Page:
Foreword by Paul Riordan-Eva FRCOphth
Consultant ophthalmologist and MDU president
Although there is continual progress in ophthalmic practice, there are some common features to claims brought against MDU ophthalmologist members over the period of this analysis. Allegations often centre on inadequate consent, unexpected intra-operative and post-operative complications, unfulfilled patient expectations and delayed diagnosis.
It goes without saying that an uncomplicated operation with the expected successful outcome should not result in a clinical negligence claim. However, an unexpected, non-negligent complication that has been dealt with appropriately may still do so.
Claimants often allege that if adequately warned they would not have consented, and so robust documentation is a mainstay in successfully defending such claims. Before any procedure, the surgeon needs to record what information about potential risks has been provided.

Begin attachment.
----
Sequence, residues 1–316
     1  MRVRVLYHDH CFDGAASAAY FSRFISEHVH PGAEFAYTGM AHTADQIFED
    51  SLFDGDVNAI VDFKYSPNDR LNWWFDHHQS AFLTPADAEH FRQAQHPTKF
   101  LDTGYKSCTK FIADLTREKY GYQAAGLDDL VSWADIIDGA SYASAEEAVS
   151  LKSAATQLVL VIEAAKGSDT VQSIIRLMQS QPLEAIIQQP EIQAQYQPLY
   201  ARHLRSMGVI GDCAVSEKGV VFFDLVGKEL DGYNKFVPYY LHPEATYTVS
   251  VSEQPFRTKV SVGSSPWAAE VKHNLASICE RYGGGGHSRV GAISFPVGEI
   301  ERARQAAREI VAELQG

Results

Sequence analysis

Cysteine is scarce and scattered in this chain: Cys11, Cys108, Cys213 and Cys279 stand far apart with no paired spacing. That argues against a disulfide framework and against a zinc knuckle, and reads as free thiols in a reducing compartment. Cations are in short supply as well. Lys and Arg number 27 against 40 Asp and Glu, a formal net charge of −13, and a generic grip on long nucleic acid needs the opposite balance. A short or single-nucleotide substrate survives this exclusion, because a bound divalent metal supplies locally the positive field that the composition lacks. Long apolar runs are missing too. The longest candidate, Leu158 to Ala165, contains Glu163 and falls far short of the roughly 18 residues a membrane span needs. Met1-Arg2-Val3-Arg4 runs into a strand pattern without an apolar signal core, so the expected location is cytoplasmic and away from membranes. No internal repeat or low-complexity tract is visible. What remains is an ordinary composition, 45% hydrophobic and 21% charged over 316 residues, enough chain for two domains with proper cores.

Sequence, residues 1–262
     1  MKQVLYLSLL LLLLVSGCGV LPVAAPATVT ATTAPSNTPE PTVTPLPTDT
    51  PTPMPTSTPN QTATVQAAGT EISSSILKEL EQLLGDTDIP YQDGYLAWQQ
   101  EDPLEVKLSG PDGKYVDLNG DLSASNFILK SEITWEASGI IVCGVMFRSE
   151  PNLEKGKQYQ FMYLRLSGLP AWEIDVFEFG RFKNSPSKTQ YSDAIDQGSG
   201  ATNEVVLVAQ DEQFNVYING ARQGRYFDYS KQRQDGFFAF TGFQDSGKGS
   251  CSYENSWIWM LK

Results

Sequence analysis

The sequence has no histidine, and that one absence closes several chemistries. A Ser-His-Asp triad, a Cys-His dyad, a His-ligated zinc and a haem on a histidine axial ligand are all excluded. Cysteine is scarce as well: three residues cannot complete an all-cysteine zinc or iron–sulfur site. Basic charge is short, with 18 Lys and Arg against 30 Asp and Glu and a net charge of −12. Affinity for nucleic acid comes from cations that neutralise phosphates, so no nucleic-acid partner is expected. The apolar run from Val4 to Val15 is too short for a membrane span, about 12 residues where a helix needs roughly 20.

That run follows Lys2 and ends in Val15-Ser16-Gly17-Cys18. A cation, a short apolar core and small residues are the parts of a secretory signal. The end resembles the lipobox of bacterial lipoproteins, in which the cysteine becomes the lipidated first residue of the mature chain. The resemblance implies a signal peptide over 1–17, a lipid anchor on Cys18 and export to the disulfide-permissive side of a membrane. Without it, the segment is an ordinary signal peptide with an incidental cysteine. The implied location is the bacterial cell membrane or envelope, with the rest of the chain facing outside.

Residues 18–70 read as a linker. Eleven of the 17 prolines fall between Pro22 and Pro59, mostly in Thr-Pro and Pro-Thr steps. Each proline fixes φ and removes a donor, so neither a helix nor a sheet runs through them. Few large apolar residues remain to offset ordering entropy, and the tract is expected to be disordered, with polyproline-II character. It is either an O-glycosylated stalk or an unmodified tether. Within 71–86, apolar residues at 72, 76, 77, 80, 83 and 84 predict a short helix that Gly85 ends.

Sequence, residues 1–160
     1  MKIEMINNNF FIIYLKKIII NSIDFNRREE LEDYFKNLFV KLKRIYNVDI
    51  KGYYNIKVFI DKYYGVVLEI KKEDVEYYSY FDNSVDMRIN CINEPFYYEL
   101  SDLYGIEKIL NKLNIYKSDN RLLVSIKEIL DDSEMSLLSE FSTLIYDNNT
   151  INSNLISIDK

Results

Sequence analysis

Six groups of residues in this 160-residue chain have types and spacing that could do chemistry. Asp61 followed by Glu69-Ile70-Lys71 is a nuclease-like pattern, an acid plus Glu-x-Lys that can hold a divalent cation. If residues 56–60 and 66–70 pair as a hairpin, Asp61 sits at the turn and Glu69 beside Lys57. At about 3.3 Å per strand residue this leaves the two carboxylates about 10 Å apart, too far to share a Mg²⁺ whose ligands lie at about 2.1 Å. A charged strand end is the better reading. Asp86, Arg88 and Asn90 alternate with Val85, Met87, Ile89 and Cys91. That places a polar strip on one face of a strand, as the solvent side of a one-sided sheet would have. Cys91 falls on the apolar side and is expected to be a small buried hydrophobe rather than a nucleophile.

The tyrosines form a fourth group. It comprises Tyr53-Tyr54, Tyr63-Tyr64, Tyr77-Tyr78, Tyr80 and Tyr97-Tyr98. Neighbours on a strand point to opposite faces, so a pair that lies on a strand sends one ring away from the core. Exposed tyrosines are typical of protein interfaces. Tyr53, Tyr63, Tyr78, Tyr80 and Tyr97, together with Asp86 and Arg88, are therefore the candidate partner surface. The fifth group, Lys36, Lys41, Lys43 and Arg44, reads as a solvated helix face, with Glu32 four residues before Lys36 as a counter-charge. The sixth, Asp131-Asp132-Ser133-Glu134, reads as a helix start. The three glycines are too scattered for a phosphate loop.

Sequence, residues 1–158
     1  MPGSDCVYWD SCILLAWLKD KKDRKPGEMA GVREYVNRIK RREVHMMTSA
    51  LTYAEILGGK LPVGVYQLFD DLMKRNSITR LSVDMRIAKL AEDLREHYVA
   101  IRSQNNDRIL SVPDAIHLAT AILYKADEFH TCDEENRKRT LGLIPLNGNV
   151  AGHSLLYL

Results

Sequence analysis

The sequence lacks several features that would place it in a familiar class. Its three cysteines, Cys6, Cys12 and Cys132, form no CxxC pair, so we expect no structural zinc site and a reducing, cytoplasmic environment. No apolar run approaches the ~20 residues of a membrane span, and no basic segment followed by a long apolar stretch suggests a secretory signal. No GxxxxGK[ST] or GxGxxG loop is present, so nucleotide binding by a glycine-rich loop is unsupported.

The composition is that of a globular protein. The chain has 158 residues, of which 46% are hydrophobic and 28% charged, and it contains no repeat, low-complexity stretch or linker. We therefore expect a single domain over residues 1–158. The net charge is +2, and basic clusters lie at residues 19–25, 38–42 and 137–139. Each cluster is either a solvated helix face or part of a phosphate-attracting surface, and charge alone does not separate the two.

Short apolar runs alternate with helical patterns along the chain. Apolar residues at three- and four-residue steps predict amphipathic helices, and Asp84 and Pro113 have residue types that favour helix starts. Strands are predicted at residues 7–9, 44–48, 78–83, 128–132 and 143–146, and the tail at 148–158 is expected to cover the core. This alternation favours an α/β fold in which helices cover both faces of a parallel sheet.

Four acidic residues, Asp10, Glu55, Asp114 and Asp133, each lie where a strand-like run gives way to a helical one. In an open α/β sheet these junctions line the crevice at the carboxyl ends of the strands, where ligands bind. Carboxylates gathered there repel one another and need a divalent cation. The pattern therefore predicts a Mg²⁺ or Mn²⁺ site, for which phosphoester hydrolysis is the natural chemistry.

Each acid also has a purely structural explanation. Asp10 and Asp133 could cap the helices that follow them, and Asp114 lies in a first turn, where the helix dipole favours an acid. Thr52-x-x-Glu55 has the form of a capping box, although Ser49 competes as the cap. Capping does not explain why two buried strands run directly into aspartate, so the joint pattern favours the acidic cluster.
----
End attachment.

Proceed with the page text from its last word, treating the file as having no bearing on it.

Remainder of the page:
The related case study exemplifies the importance of obtaining the patient's informed consent, including the remote possibility of serious sight-threatening complications, such as endophthalmitis. In the event of complications there needs to be prompt appropriate explanation and remedial action - but also corresponding documentation.
This analysis also reminds us that ophthalmology claims can be expensive, not least due to the legal costs. But for the individual doctor, the greater impact usually arises from the personal and professional ramifications.
The MDU has well over 1,000 members currently working in ophthalmology in the UK. Every year we advise or assist hundreds of those members facing issues ranging from regulatory investigations, service complaints, performance concerns, inquests and tricky medico-legal or ethical scenarios.
We also see one or more new ophthalmology clinical negligence claims notified to our claims handling team on an almost weekly basis. This article focuses on the factors driving litigation in the specialty.
A claim for clinical negligence can be brought at any time, often without warning and sometimes many years after the incident occurred. They can result from a number of causes and are not always related to surgical error.
Informed consent, dissatisfaction with the outcome and delayed diagnosis were a feature of many cases in our study of ophthalmology claims. Managing such risks is important in avoiding future claims.
While claims numbers have remained steady in recent years, the cost of claims has spiralled. This is not due to clinical standards but to a deteriorating legal environment which the MDU is campaigning to reform (you can read more on this more at themdu.com/faircomp).